Despite the ultimate creative freedom and spouse-reunion afforded to Shin and Choi, they made frequently discussed escaping, though perhaps none as urgently as on their trip through USSR-occupied Berlin. Shin and Choi, like always, were ushered to the designated destinations by an entourage of armed guards. At one, point they were within a block of the U.S. embassy and Choi tried to make a run for it. Shin tackled her right there, saying that he would not allow the two of them to try an escape unless they were 100% certain to get away with it. 99% certainty wasn’t good enough for Shin who had not only spent over four years in prison for his last escape attempt but also already underwent the pain of losing Choi once before.

During one of the film shoots, Shin realized it’d be kind of cool to blow up a real train and tentatively asked one of his assistants to pass along the requests to his unstable, military-minded, film producer. Within days, Shin got the go-ahead. The go-ahead to blow up a North Korean train. For a film nobody would see outside of North Korea. As Shin and Choi were far from content in their employed imprisonment, it’s possible that Shin was just having a little bit of fun with Kim—asking to destroy North Korean military property under the guise of filmmaking. Best. Sabotage. Ever.

Inspired by this (minor) act of destruction against the regime, in 1985 Shin took up Kim’s suggestion to do a Godzilla-esque monster story, called “Pulgasari.” This gets a little confusing (oh, NOW you tell me), but this idea of a monster growing large and desecrating an Asian population was something of a story-telling stable over there. In fact, there was a Godzilla-esque monster movie called “Bulgasari” released in 1962. And even now “Pulgasari” (1985) is frequently (yet incorrectly) referenced as “Bulgasari”—again, despite any production relation to the real “Bulgasari” (1962).

As a film, “Pulgasari” just may well be the Fran Tarkenton of insane Korean films. 1970s gibberish, occasionally separated by screams of extras—mostly civilian-clothed North Korean soldiers. While “Godzilla” may be bold and stirring with its sardonic parody of U.S. nuclear power flattening, then eventually saving the Japanese population, the symbolism of “Pulgasari” is so formless yet heavy-handed that you’d swear that Kim Jong-il threw mud at the camera lens and Shin just kept it there out of spite. Pulgasari is a monster born of rice balls who eats metal to grow big and protect the poor peasants of Korea. Seeking justice, or perhaps just food, Pulgasari launches an animalistic attack on industry centers in the city, only to grow larger. With the former (capitalist?) regime in ruins, Pulgasari turns on the peasants and just all around acts like every step he takes crushing the city is stubbing his toe.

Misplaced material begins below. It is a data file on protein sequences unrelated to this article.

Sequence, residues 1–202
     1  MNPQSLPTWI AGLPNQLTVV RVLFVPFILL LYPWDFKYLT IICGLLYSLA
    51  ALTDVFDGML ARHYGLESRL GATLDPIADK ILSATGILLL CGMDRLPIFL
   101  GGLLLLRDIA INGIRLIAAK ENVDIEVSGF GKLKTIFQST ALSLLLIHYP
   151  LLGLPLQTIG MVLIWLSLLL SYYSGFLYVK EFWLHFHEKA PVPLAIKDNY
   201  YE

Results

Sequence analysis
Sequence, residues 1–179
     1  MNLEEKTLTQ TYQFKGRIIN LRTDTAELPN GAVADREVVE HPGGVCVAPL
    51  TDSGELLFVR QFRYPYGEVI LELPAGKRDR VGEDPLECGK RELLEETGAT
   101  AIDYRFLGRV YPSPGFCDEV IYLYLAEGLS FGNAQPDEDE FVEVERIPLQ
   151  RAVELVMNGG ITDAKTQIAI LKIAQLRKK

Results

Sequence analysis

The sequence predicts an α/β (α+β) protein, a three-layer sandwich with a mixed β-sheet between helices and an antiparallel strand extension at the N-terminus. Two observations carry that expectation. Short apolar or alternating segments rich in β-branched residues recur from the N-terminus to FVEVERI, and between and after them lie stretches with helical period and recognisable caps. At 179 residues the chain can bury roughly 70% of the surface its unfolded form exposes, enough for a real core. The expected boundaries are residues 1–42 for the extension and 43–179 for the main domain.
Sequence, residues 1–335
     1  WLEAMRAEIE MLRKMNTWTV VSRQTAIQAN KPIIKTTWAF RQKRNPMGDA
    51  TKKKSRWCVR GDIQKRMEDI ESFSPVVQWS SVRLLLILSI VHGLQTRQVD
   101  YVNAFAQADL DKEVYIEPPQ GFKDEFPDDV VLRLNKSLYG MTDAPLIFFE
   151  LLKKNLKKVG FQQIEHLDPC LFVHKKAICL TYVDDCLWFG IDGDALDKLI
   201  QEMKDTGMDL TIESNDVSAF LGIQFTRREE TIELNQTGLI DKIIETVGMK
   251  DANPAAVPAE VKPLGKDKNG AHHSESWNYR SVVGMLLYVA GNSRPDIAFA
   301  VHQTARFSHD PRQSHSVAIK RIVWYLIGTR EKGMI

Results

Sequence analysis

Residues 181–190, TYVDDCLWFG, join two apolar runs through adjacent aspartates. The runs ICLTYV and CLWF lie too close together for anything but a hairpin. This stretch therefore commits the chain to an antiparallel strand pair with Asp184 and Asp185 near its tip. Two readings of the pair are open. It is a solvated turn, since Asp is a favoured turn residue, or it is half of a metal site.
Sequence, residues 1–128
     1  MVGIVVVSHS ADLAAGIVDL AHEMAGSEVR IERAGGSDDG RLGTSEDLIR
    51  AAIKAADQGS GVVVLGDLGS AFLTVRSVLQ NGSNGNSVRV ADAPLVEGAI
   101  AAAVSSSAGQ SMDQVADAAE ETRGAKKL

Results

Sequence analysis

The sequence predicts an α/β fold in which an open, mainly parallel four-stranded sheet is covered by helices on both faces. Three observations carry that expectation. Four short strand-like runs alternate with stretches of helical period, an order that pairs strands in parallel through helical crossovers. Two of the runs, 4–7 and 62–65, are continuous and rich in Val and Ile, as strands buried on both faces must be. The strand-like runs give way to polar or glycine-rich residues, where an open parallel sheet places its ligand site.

Had Shin, South Korea’s own Orson Welles, gone insane? Only as insane as the smartest fox, apparently. Because Kim Jong-il absolutely LOVED “Pulgarasi.” After seeing the film, Kim through the entire film studio a feast, likely totaling some 60% of the nation’s daily food supply. Kim praised “Pulgarasi” as the best film ever made, which is ridiculous because it was not named “The Lion King” nor starred Jake Busey.

The next movie, Shin promised Kim, is going to be something special. And Kim agreed. It was time the world saw the brilliance of North (South?) Korean cinema. But for such global reach, they’d need to team up with an international film distribution, and so for the second time in their eight years as royal artists/prisoners, Shin and Choi got to go to Europe.

Taking a cue from the movies, the South Korean couple would save their best scenes for the end.

In 1986, after the “success” of “Pulgarasi,” Shin suggested that the next film be a retelling of Ghengis Khan’s life. Kim jumped at the idea and agreed that this would be North Korea’s breakout film. Shin and Choi were sent to Vienna, Austria to meet with a European distributor, under the “protection” of North Korean armed guards, of course. Before meeting with the distributor (who only may have ever existed), Shin and Choi got lunch with an old friend, a Japanese film critic who had heard of “Pulgarasi” and, more importantly, his friends’ shoot-on-sight tail. This Japanese man has since been referred to as “K” in official government correspondences, foreshadowing some shit went down.